EXCLUSION No more than 1 course from DEVS 410/6.0; DEVS 420/3.0; DEVS 432/6.0.

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DEVS 411/3.0

Instructor:   Please contact the DEVS office

Course Title: Post Placement Seminar in Development Studies


Required for students who have successfully completed the course requirements for DEVS 410. The course will provide a forum for students to debrief and to critically examine their placement experience. Evaluation based on presentation, participation, journal synthesis and a final report.

 

PREREQUISITE DEVS 410/6.0 and Level 3 or above and registration in the DEVS Major Plan and departmental approval in advance from the Placement Coordinator, Global Development Studies.

 

EXCLUSIONS No more than 1 course from DEVS 411/3.0; DEVS 432/6.0.

 

ONE-WAY EXCLUSION May not be taken with or after DEVS 420/3.0; DEVS 421/3.0.

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DEVS 420/3.0 – Fall

Instructor:   Please contact the DEVS office

Course Title: Study Placement in Development Studies

 

Participation in an organized educational or cultural exchange, either i) one term of studies at a developing-country university, or ii) an exchange program in a developing-country setting with an organization such as Canada World Youth or Shastri Indo-Canadian Institute for at least 6 weeks. Students are required to prepare a work-study proposal, a risk assessment of their placement and attend a pre-departure orientation. Assessment will also be based on a journal and final report.

 

NOTE Students are normally responsible for all costs associated with this course.

LEARNING HOURS 124 (40G;84P).

 

PREREQUISITES Level 3 or above and registration in the DEVS Major or Medial Plan and departmental approval in advance from the Placement Coordinator, Global Development Studies.

 

EXCLUSION No more than 1 course from DEVS 410/6.0; DEVS 420/3.0; DEVS 432/6.0.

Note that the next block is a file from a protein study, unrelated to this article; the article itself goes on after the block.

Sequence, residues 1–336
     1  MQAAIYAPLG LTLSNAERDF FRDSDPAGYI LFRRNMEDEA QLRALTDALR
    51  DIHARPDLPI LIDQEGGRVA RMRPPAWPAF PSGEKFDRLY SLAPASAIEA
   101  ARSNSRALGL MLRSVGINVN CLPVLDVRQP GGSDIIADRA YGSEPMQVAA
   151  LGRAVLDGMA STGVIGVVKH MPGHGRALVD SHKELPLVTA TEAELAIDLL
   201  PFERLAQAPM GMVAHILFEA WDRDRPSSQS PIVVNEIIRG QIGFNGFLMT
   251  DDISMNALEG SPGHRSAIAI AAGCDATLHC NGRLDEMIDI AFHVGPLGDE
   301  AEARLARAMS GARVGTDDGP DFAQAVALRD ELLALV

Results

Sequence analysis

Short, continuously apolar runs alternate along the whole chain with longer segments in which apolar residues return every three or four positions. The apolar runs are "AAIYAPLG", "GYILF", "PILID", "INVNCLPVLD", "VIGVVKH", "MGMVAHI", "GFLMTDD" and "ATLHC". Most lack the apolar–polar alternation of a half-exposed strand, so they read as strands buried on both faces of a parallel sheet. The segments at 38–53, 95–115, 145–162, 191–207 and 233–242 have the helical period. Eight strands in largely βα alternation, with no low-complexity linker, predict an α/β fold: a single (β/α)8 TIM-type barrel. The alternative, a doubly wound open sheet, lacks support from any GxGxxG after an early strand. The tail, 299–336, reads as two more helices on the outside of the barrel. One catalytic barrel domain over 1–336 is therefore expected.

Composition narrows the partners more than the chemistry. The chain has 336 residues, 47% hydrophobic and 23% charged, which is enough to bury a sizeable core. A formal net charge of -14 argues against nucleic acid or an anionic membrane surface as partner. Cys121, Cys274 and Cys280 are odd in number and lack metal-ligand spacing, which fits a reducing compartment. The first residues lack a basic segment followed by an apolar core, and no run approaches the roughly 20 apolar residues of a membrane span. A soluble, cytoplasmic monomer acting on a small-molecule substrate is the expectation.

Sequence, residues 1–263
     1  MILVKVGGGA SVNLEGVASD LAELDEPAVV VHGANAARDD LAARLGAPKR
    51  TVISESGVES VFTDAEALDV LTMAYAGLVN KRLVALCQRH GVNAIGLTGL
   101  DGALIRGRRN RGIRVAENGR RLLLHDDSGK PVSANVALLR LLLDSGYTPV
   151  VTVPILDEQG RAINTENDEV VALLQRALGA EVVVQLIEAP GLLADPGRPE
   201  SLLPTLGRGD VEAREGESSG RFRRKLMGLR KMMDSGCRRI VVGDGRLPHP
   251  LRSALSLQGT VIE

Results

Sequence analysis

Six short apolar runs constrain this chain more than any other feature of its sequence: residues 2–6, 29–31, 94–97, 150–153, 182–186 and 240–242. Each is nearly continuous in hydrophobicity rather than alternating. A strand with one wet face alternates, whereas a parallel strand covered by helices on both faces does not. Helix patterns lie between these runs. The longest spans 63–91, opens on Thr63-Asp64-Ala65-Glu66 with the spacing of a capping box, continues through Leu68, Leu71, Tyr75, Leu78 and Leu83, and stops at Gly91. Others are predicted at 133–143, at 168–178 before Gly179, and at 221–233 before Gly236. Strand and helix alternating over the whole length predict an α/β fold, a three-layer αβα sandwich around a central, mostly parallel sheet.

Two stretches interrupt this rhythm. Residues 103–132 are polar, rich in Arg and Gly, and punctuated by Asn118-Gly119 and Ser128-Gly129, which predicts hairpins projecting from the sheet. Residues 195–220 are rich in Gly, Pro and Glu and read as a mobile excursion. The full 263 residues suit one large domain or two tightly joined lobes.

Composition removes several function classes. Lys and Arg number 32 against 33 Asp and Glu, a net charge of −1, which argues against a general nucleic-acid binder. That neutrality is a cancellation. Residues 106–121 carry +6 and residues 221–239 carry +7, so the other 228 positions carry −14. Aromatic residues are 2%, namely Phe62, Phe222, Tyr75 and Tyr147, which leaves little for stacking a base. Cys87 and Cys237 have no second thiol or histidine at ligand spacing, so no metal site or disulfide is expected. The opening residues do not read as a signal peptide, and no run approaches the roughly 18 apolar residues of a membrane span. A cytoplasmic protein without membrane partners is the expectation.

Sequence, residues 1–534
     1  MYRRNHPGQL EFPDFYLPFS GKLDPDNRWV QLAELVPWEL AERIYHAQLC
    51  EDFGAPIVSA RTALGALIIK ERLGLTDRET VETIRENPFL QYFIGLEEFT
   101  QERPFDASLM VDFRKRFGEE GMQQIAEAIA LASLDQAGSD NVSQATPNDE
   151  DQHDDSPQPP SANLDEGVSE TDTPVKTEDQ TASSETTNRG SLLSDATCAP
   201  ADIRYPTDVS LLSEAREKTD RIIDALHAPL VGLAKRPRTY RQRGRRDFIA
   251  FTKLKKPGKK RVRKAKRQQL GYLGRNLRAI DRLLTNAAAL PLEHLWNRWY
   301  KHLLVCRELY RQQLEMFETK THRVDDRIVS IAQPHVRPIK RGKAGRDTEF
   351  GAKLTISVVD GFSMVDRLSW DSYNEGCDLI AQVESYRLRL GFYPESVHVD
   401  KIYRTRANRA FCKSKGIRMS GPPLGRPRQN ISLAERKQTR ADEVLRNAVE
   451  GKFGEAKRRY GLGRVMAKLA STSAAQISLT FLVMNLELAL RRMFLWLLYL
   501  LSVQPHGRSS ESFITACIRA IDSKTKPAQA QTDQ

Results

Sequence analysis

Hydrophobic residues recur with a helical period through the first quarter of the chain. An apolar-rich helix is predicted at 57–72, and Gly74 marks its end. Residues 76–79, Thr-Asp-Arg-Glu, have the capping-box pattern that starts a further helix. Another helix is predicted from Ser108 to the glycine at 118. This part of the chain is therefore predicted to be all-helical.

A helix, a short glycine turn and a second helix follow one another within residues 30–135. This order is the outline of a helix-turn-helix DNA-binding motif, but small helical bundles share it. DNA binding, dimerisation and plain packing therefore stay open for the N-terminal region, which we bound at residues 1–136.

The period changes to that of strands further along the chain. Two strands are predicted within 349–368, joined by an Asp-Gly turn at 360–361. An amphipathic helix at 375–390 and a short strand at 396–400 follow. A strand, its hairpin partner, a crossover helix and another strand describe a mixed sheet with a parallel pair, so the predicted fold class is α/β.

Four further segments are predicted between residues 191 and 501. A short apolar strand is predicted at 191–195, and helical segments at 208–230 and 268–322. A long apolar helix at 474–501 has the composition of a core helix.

EXCLUSION No more than 3.0 units from DEVS 420/3.0; DEVS 421/3.0.

 

DEVS 491 / 894 (seminar)/3.0 – Winter

Instructor:  David McDonald  

Course Title: Cities and Urbanization in the South

 

More than 50% of the world’s population now lives in urban areas, up from about 3% in 1900.  This rapid urbanization is expected to continue over the next two decades, with the majority of growth taking place in Africa, Asia, and, to a lesser extent, Latin America. Cities have also become engines of economic growth and social pluralization, acting as conduits for – and generators of – larger global transformations.  From music to foreign investments to infrastructure development, cities are key sites of socio-economic and political change (and resistance thereto) and will only grow in importance in the future.  This course explores the linkages between urbanization and globalization with a focus on cities in the South.  We look at similarities and differences between these cities, and how they connect (or not) with urban areas in the North. 

 

The course begins with an historical and comparative overview of urbanization, followed by a review of the main theoretical frameworks for explaining and understanding urbanization trends. From this theoretical foundation we move to more concrete debates over the role of the World Bank and the UN in urban policy making, the privatization of municipal services such as water and sanitation, the challenges of environmental sustainability in cities, the rise of new social movements and recent efforts at participatory budgeting and other ‘anti-neoliberal’ forms of governance in cities in the South.